Quick Sautéed Wild Mushrooms

Sauteeing mushrooms in a pan on a gas stove with a wooden spoon

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  • Total: 15 mins
  • Prep: 5 mins
  • Cook: 10 mins
  • Yield: 4 to 6 servings
Nutritional Guidelines (per serving)
126 Calories
7g Fat
12g Carbs
4g Protein
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Nutrition Facts
Servings: 4 to 6 servings
Amount per serving
Calories 126
% Daily Value*
Total Fat 7g 9%
Saturated Fat 1g 5%
Cholesterol 0mg 0%
Sodium 223mg 10%
Total Carbohydrate 12g 4%
Dietary Fiber 2g 8%
Protein 4g
Calcium 68mg 5%
*The % Daily Value (DV) tells you how much a nutrient in a food serving contributes to a daily diet. 2,000 calories a day is used for general nutrition advice.
(Nutrition information is calculated using an ingredient database and should be considered an estimate.)

This recipe for sautéed wild mushrooms can be prepared in about 15 minutes and is a perfect topper for pasta, rice, millet or quinoa. You can also enhance roast chicken; seared tofu or tempeh; or a nice piece of broiled or seared fish (sea bass, wild salmon or halibut are personal favorites). Mushrooms are browned in olive oil with garlic, shallot and your choice of fresh herbs; a bit of wine finishes the dish.

As simple as the recipe is, the finished product is rich, meaty, earthy and absolutely packed with nutrients. Wild mushrooms have long been revered in the East and West alike for their purported potent medicinal value.


  • 1 pound wild mushrooms* (shiitake, porcini, hen of the woods, black trumpet, oyster, lobster, chanterelle, morels, Portobello, or a combination)
  • 3 tablespoons olive oil
  • 2 shallots, sliced thin
  • 2 cloves garlic (chopped fine)
  • 1/4 cup dry white wine
  • 2 teaspoons chopped mixed herbs (rosemary, sage, thyme, and marjoram are all great with mushrooms)
  • 1/2 cup chopped Italian parsley
  • Sea salt and freshly ground pepper

Steps to Make It

  1. Gently wipe the mushrooms.

  2. Trim and discard any tough stems. (Shiitake stems are great for stocks, but are too tough to eat. The very bottom of mushroom clusters like hen of the woods may have a slightly woody layer, so trim it away).

  3. Slice the mushrooms 1/8 of an inch to 1/4-inch thick.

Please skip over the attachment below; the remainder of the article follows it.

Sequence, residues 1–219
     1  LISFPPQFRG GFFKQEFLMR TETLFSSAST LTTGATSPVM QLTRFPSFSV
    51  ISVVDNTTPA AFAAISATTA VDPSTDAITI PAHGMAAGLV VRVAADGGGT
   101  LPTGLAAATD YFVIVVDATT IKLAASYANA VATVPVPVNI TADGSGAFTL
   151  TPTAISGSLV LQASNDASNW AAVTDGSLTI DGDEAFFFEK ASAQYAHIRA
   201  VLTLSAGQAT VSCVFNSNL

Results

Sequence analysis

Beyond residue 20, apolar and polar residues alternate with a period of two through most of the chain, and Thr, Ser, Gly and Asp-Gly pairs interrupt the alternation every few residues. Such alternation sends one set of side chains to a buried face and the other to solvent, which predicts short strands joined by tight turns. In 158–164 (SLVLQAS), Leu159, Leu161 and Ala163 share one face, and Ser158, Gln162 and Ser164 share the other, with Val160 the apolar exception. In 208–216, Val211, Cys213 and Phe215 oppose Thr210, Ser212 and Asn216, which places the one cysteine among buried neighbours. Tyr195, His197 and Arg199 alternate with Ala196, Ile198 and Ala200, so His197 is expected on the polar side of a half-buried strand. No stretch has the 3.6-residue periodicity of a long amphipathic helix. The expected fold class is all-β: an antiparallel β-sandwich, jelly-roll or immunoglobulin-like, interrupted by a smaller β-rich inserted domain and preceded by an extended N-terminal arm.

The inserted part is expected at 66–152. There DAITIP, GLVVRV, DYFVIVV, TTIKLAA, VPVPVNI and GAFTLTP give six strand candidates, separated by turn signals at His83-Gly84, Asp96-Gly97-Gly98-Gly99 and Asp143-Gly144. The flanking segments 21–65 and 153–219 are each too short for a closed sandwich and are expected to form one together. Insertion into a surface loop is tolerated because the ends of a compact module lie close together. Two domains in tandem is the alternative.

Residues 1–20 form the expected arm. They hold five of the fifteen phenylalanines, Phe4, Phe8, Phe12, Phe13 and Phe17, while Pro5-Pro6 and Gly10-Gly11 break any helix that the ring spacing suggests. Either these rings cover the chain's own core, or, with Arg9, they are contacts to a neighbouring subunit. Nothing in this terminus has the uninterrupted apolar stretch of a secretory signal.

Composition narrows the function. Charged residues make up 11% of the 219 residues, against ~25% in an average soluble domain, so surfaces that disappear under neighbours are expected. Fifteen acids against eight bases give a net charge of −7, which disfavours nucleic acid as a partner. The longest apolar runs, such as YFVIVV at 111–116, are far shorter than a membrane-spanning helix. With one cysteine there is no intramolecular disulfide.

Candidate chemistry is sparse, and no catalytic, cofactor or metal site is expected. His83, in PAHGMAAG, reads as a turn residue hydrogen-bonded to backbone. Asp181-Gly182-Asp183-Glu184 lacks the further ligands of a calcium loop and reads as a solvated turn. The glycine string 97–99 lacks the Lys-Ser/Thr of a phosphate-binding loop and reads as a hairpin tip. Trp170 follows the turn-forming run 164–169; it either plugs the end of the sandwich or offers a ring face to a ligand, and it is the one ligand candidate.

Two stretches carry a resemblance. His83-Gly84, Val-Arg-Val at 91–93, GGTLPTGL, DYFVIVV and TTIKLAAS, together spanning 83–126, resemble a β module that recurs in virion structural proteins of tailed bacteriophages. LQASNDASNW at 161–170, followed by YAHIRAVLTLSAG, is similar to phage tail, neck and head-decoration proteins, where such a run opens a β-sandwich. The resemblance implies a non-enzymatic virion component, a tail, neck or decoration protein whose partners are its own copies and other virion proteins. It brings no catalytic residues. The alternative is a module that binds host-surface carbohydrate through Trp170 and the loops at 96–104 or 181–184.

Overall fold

4. Warm the olive oil over medium-high heat in a large skillet. Add the shallots, cook 1 minute, and add the mushrooms.

  5. Cook, stirring frequently, for 8 to 10 minutes, until the mushrooms have released their juices and begin to brown.

  6. Stir in the garlic and white wine, increase the heat to high, and cook about 2 more minutes, until the wine has evaporated.

  7. Toss in the herbs; stir well and season to taste. Stir in the parsley and serve.


Many edible culinary wild mushrooms have documented healing value in the holistic nutritional community. Please be advised that the following statements are not approved by the FDA, and should not be construed as a substitute for medical advice.

  • Shiitake: This mushroom has been used for holistic cancer and AIDS treatments, immune regulation, and liver protection.
  • Porcini: This mushroom is considered a cardiovascular and metabolic tonic and is generally strengthening for systemic weakness.
  • Hen of the Woods (Maitake): This mushroom is considered one of the kings of medicinal fungi. It is believed to possess anti-cancer properties, act as a tumor inhibitor, and protect the liver.
  • Oyster: It's used to strengthen veins, as an immune enhancer and to relax tendons and joints.
  • Chanterelle/Black Trumpet: Ppacked with B vitamins, this immune enhancing mushroom purportedly inhibits tumor growth.
  • Portobello: This potassium-rich mushroom helps muscles and nerves.
  • Crimini: These brown button mushrooms are rich in antioxidants and aid in cancer prevention and liver detoxification.
  • Morel: This mushroom is anti-inflammatory, rich in antioxidants, is believed to contain anti-tumor properties and is immune enhancing.